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Trans-Pacific Partnership Agreement a danger, community groups claim

The TPP-11 is a multi-lateral free trade agreement between Australia, Brunei Darussalam, Canada, Chile, Japan, Malaysia, Mexico, New Zealand, Peru, Singapore and Vietnam that was signed on March 8, 2018 in Chile.

The United States was a signatory until January 2017, when President Donald Trump signed a presidential order to withdraw from the TPP-12 saying that his action was “great for the American worker”.

Former US President Barack Obama had pushed for the TPP-12 as benefiting a modern era of higher-skill, higher-wage jobs that would enable manufacturers who operate at that higher end to access new markets. He said that those companies chasing lower wages had already moved out of the United States with the implication being that those left would be moving to higher-skill, higher-wage jobs.

This speech was given in May 2015, at Nike Headquarters in Oregon, a company which continues to draw criticism for its outsourcing of manufacturing jobs in low-wage countries such as Vietnam, which is also a signatory to the TPP-11. Mr Obama believed that the TPP-12 had strong enforceable provisions for workers and the environment and that as part of the TPP-12, Vietnam would have to set a minimum wage, pass safe workplace laws and allow workers the freedom to join unions.

Speaking at the NSW Parliament House on March 9 on how the TPP-11 would affect women, Dr Patricia Ranald, Convener of the Australian Fair Trade and Investment Network (AFTINET), said although there’s a lot of rhetoric about free trade and how global competition means greater efficiency and lower prices, the reality is that free trade agreements can also put pressure on a race to the bottom for workers’ rights and the environment, which leads to increased inequality.

She said that women who are at the bottom of paid and unpaid work are the most affected in these situations. She also pointed out that Australia has very few and low tariffs. “The TPP is mainly about trying to achieve zero other barriers to trade and investment for global companies and they want rules to suit their interests.”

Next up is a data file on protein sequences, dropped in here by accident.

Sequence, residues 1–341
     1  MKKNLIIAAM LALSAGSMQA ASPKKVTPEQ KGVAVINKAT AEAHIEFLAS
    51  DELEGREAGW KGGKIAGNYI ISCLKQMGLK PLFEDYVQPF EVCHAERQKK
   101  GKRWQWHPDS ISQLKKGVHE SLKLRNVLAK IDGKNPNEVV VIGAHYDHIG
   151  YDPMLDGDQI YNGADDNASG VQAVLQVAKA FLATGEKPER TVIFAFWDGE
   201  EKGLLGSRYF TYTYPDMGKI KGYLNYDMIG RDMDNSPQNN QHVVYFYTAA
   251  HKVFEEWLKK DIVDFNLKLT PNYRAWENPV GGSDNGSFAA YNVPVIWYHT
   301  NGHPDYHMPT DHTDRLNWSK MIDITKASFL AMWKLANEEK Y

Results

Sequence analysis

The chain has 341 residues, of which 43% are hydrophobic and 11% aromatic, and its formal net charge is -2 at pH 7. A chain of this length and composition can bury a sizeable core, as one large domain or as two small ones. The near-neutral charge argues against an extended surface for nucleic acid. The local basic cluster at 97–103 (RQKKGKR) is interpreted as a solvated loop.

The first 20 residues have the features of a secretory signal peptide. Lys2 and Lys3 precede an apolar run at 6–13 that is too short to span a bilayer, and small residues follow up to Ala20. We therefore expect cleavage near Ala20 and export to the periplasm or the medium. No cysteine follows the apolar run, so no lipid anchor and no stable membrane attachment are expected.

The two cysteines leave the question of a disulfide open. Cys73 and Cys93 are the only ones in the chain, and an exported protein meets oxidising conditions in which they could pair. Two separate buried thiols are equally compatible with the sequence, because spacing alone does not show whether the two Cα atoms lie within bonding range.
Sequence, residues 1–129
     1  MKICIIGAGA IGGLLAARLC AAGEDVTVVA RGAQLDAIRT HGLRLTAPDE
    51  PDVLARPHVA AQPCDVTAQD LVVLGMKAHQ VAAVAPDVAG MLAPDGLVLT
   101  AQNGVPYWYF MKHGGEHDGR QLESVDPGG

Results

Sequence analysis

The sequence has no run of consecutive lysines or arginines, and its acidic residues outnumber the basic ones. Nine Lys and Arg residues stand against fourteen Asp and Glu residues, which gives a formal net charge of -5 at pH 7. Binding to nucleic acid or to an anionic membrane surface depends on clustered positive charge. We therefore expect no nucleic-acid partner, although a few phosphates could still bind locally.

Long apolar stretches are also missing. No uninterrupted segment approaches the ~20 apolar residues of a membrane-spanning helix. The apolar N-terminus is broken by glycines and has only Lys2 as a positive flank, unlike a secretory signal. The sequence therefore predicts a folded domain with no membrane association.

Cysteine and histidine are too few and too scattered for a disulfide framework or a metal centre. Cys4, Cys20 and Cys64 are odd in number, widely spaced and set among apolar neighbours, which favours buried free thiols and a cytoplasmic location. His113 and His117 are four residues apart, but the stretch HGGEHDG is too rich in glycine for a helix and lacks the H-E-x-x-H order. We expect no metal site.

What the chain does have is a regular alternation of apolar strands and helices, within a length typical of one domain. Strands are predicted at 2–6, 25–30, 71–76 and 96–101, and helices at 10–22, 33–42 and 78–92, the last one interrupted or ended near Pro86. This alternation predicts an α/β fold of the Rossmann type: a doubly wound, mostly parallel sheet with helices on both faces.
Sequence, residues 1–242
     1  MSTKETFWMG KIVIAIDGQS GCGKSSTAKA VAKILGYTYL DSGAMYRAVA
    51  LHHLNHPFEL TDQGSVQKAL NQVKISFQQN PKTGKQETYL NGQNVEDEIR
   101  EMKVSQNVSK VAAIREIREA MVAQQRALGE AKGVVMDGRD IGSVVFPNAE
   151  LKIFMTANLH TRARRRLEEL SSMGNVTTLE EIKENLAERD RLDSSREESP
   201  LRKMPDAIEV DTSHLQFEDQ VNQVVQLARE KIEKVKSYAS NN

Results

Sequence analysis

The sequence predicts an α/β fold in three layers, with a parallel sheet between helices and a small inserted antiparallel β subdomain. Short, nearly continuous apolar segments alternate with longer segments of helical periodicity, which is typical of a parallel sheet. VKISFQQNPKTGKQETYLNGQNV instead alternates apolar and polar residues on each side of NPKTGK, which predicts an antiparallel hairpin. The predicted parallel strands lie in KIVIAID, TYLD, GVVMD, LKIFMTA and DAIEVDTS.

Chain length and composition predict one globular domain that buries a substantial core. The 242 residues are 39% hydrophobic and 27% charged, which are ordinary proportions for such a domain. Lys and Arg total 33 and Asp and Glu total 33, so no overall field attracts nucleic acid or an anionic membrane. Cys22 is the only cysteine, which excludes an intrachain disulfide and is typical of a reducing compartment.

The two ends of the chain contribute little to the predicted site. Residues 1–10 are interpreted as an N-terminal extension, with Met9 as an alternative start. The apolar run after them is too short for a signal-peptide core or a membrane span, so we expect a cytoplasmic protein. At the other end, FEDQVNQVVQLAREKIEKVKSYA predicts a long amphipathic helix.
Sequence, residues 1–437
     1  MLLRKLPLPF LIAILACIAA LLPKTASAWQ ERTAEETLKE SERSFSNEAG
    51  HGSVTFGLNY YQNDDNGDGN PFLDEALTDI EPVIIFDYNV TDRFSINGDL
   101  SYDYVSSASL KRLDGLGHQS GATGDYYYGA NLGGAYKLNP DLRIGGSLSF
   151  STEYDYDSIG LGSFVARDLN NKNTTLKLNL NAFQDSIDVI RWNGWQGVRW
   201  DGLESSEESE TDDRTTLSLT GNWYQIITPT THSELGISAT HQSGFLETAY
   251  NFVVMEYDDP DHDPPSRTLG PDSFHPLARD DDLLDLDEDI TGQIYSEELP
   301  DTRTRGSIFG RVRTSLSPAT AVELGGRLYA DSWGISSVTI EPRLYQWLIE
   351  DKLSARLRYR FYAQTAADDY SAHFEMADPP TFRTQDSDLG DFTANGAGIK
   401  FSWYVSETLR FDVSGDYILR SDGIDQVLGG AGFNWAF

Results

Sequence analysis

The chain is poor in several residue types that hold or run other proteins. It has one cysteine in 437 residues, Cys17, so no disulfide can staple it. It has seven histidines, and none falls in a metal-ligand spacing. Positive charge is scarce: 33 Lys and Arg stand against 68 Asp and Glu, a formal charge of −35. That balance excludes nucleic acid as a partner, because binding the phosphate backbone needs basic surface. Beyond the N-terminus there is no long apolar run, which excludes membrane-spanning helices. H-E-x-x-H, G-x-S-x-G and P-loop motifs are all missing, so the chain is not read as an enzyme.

Speaking at the rally on June 15, Dr Ranald said: “The TPP-11 without the US is still a bad deal because it would increase corporate rights at the expense of peoples’ rights. It still includes special rights for global companies to bypass national courts and sue governments in unfair international tribunals over health, environmental and industrial laws.”

The TPP-11 includes an Investor-State Dispute Settlement (ISDS) mechanism which enables foreign investors to sue governments if they believe that governments have not upheld their obligations under the Treaty. It has been seen as a law that allows Australian companies operating overseas to ensure their rights are upheld in a foreign country.

But unions and community groups are concerned about what it means when investors target the Australian government. While the TPP-11 does include a wide range of safeguards that would enable the government to undertake regulation in the public interest and while Australia’s tobacco measures cannot be challenged, the issue is the time and money often spent dealing with foreign investors in these disputes.

Readers may remember that the tobacco company Philip Morris Asia sued the Australian government in 2011 over the plain packaging laws under the Australia Hong Kong bilateral investment treaty. Just recently the ISDS mechanism was taken out of the EU Australia Free Trade talks that began on June 18.

Speaking at the rally, Andrew Dettmer, National President of the Australian Manufacturing Workers Union, raised concerns about the aspect of the Treaty in which workers from Canada, Mexico, Chile, Japan, Malaysia and Vietnam will have free movement into the Australian labour market without testing of the labour market.

Alan Hicks, National Secretary of the Electrical Trades Union division of the CEPU which represents the Communications, Electrical and Plumbing Unions was also concerned about the lack of labour market testing which would ensure that Australians who are qualified for these positions are employed first.

Giving evidence at JSCOT on June 1, David Byers, interim CEO of the Minerals Council of Australia, the peak industry body for Australia’s exploration, mining and minerals processing industry, argued that the real-world experience showed “that the number of workers from China who are granted 457 visas has actually fallen in the two years since the China-Australia Free Trade Agreement came into effect.”

He said: “The statistics also show there’s been no increase in 457 visas granted to workers from Japan and Korea since FTAs with those countries came into effect in 2014. In any case, the six TPP-11 countries covered by temporary entry provisions – Brunei Darussalam, Canada, Malaysia, Mexico, Peru and Vietnam – are not significant sources of temporary migration to Australia. In 2015-16 these countries accounted for 1.2 per cent of primary 457 visas granted, and in 2017-18 it was 1 per cent.”

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